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As Prose implores: “Drop everything. Start reading. Now.”

An unabashed fan of reading recommends some of her favorite books.

The prolific literary critic, essayist, and novelist Prose (Mister Monkey, 2017, etc.) follows up Reading Like a Writer (2006) with an eclectic collection of previously published pieces that continue her clarion call for how books can “transport and entertain and teach us.” She sets the stage for the essays with “Ten Things that Art Can Do,” enthusiastically arguing that art is essential to life. She deftly mixes biography and critical analysis to demonstrate how Mary Shelley’s Frankenstein challenges us “to ponder the profound issues raised by the monster and by the very fact of his existence.” Prose’s love of and fascination with Great Expectations, Cousin Bette, Middlemarch, Little Women, and New Grub Street, “so engrossing, so entertaining, so well made,” and Mansfield Park, “arguably the greatest of Austen’s novels,” will have readers anxious to revisit these classics. As a fine practitioner of the art of the short story, Prose feels a kind of “messianic zeal…to make sure that [Mavis] Gallant’s work continues to be read, admired—and loved.” Poet Mark Strand’s “remarkable” collection Mr. and Mrs. Baby offers us distant echoes of “the dark comedy of Kafka and Beckett, the lyrical imagination of Calvino and Schulz.” Prose also praises the work of Elizabeth Taylor, Paul Bowles, Alice Munro, and Charles Baxter. She loves how Mohsin Hamid’s Exit West, about refugees, can “alchemize the raw material of catastrophe into art.” Nonfiction is represented here too, as in Gitta Sereny’s “so controversial, so profoundly threatening” Cries Unheard, about an 11-year-old killer, or Diane Arbus’ Revelations, where the photographer “employed the grotesque as a staging ground in her quest for the transcendent.” My Struggle, the six-volume autobiographical work of Karl Ove Knausgaard, is “dense, complex, and brilliant.” Others discussed include Jennifer Egan, Vladimir Nabokov, and Edward St. Aubyn as well as Roberto Bolaño's 2666—"literary genius."

As Prose implores: “Drop everything. Start reading. Now.”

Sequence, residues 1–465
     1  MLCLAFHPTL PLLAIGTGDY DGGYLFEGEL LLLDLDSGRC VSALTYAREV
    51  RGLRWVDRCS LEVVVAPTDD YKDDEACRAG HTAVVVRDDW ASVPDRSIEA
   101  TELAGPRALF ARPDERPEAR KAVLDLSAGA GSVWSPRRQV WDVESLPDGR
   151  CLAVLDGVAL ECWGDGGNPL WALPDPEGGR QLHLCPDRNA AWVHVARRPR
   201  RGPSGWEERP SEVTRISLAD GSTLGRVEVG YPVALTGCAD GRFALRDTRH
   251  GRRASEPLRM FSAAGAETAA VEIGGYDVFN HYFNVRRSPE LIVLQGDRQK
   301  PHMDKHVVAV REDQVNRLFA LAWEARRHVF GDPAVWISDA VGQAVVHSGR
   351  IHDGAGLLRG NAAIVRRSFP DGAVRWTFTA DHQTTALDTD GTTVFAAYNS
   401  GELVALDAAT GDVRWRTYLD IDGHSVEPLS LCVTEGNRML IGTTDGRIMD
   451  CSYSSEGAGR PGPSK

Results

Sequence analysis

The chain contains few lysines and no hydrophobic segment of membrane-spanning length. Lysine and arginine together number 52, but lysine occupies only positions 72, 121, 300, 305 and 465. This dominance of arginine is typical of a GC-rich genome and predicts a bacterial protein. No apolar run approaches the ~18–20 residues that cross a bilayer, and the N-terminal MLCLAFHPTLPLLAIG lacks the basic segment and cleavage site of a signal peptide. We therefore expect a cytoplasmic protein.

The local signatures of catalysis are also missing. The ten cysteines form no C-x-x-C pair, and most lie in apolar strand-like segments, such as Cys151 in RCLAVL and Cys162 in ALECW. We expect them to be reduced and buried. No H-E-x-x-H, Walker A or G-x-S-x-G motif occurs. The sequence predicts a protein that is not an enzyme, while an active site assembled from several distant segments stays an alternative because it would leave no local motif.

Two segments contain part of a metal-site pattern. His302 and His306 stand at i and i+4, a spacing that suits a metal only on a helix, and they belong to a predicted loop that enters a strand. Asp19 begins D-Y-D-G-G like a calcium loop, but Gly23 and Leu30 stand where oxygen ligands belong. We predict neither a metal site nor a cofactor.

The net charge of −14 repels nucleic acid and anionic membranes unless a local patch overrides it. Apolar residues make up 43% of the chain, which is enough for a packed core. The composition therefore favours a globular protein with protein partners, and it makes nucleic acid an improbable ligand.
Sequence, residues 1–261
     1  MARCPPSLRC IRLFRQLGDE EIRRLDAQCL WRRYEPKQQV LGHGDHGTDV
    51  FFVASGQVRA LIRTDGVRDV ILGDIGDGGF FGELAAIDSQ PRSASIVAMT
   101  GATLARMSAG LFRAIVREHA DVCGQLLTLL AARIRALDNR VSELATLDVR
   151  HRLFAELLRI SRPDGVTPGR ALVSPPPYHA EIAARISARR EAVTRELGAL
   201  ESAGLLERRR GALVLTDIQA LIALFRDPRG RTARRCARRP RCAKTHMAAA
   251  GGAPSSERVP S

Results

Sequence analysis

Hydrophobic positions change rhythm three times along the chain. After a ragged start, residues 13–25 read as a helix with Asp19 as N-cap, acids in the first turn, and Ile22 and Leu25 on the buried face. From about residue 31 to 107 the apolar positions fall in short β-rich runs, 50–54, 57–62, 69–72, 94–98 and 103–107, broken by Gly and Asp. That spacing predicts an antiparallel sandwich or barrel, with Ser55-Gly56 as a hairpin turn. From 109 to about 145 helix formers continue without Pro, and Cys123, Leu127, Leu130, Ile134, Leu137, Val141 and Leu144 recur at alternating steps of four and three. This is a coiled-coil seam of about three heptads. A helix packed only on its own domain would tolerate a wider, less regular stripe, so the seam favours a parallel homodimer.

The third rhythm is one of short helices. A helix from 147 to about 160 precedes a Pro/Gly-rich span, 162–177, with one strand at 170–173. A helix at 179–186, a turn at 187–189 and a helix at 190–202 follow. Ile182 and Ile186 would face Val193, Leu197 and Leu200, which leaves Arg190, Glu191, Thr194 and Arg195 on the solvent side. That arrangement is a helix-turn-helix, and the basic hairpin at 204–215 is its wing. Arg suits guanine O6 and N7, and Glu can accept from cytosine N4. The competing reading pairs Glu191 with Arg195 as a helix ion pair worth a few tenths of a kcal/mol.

Pub Date: July 3, 2018

ISBN: 978-0-06-239786-7

Page Count: 352

Publisher: Harper/HarperCollins

Review Posted Online: March 18, 2018

Kirkus Reviews Issue: April 1, 2018

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This is not the Nutcracker sweet, as passed on by Tchaikovsky and Marius Petipa. No, this is the original Hoffmann tale of 1816, in which the froth of Christmas revelry occasionally parts to let the dark underside of childhood fantasies and fears peek through. The boundaries between dream and reality fade, just as Godfather Drosselmeier, the Nutcracker's creator, is seen as alternately sinister and jolly. And Italian artist Roberto Innocenti gives an errily realistic air to Marie's dreams, in richly detailed illustrations touched by a mysterious light. A beautiful version of this classic tale, which will captivate adults and children alike. (Nutcracker; $35.00; Oct. 28, 1996; 136 pp.; 0-15-100227-4)

Pub Date: Oct. 28, 1996

ISBN: 0-15-100227-4

Page Count: 136

Publisher: Harcourt

Review Posted Online: May 19, 2010

Kirkus Reviews Issue: Aug. 15, 1996

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An extravaganza in Bemelmans' inimitable vein, but written almost dead pan, with sly, amusing, sometimes biting undertones, breaking through. For Bemelmans was "the man who came to cocktails". And his hostess was Lady Mendl (Elsie de Wolfe), arbiter of American decorating taste over a generation. Lady Mendl was an incredible person,- self-made in proper American tradition on the one hand, for she had been haunted by the poverty of her childhood, and the years of struggle up from its ugliness,- until she became synonymous with the exotic, exquisite, worshipper at beauty's whrine. Bemelmans draws a portrait in extremes, through apt descriptions, through hilarious anecdote, through surprisingly sympathetic and understanding bits of appreciation. The scene shifts from Hollywood to the home she loved the best in Versailles. One meets in passing a vast roster of famous figures of the international and artistic set. And always one feels Bemelmans, slightly offstage, observing, recording, commenting, illustrated.

Pub Date: Feb. 23, 1955

ISBN: 0670717797

Page Count: -

Publisher: Viking

Review Posted Online: Oct. 25, 2011

Kirkus Reviews Issue: Feb. 1, 1955

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